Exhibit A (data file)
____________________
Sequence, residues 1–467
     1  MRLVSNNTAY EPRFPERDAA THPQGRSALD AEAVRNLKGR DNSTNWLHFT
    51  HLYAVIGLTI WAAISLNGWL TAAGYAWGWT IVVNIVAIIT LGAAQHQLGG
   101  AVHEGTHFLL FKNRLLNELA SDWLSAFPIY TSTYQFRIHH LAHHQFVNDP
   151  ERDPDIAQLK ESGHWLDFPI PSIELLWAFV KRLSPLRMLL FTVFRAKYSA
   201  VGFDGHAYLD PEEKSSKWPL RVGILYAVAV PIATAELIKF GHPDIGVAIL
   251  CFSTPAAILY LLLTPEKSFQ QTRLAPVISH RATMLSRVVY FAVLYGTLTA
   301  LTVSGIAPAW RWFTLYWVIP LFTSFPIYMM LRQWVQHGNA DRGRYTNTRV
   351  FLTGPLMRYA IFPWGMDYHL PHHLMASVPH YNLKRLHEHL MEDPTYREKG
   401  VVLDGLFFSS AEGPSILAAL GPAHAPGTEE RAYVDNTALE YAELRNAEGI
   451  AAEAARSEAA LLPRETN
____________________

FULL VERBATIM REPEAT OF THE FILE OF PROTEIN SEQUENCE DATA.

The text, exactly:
Sequence, residues 1–467
     1  MRLVSNNTAY EPRFPERDAA THPQGRSALD AEAVRNLKGR DNSTNWLHFT
    51  HLYAVIGLTI WAAISLNGWL TAAGYAWGWT IVVNIVAIIT LGAAQHQLGG
   101  AVHEGTHFLL FKNRLLNELA SDWLSAFPIY TSTYQFRIHH LAHHQFVNDP
   151  ERDPDIAQLK ESGHWLDFPI PSIELLWAFV KRLSPLRMLL FTVFRAKYSA
   201  VGFDGHAYLD PEEKSSKWPL RVGILYAVAV PIATAELIKF GHPDIGVAIL
   251  CFSTPAAILY LLLTPEKSFQ QTRLAPVISH RATMLSRVVY FAVLYGTLTA
   301  LTVSGIAPAW RWFTLYWVIP LFTSFPIYMM LRQWVQHGNA DRGRYTNTRV
   351  FLTGPLMRYA IFPWGMDYHL PHHLMASVPH YNLKRLHEHL MEDPTYREKG
   401  VVLDGLFFSS AEGPSILAAL GPAHAPGTEE RAYVDNTALE YAELRNAEGI
   451  AAEAARSEAA LLPRETN